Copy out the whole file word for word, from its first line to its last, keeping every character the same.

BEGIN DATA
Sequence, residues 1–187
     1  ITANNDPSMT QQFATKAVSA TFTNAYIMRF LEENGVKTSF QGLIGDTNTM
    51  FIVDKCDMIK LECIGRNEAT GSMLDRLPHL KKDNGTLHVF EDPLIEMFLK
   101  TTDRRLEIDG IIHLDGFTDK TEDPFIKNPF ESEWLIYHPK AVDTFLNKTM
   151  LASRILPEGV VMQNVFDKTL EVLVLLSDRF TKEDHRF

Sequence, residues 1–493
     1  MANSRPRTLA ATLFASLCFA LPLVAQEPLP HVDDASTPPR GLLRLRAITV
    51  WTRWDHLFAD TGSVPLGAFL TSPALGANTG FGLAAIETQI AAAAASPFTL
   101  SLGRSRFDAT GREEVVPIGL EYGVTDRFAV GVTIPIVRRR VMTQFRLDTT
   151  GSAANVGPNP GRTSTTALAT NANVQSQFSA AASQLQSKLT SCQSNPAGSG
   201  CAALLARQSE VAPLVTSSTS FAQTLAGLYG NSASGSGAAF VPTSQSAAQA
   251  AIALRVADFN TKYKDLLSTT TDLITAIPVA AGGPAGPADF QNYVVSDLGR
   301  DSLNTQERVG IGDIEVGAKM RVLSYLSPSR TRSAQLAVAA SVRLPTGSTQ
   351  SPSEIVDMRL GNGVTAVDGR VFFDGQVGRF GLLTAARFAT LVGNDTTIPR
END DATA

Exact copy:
Sequence, residues 1–187
     1  ITANNDPSMT QQFATKAVSA TFTNAYIMRF LEENGVKTSF QGLIGDTNTM
    51  FIVDKCDMIK LECIGRNEAT GSMLDRLPHL KKDNGTLHVF EDPLIEMFLK
   101  TTDRRLEIDG IIHLDGFTDK TEDPFIKNPF ESEWLIYHPK AVDTFLNKTM
   151  LASRILPEGV VMQNVFDKTL EVLVLLSDRF TKEDHRF

Sequence, residues 1–493
     1  MANSRPRTLA ATLFASLCFA LPLVAQEPLP HVDDASTPPR GLLRLRAITV
    51  WTRWDHLFAD TGSVPLGAFL TSPALGANTG FGLAAIETQI AAAAASPFTL
   101  SLGRSRFDAT GREEVVPIGL EYGVTDRFAV GVTIPIVRRR VMTQFRLDTT
   151  GSAANVGPNP GRTSTTALAT NANVQSQFSA AASQLQSKLT SCQSNPAGSG
   201  CAALLARQSE VAPLVTSSTS FAQTLAGLYG NSASGSGAAF VPTSQSAAQA
   251  AIALRVADFN TKYKDLLSTT TDLITAIPVA AGGPAGPADF QNYVVSDLGR
   301  DSLNTQERVG IGDIEVGAKM RVLSYLSPSR TRSAQLAVAA SVRLPTGSTQ
   351  SPSEIVDMRL GNGVTAVDGR VFFDGQVGRF GLLTAARFAT LVGNDTTIPR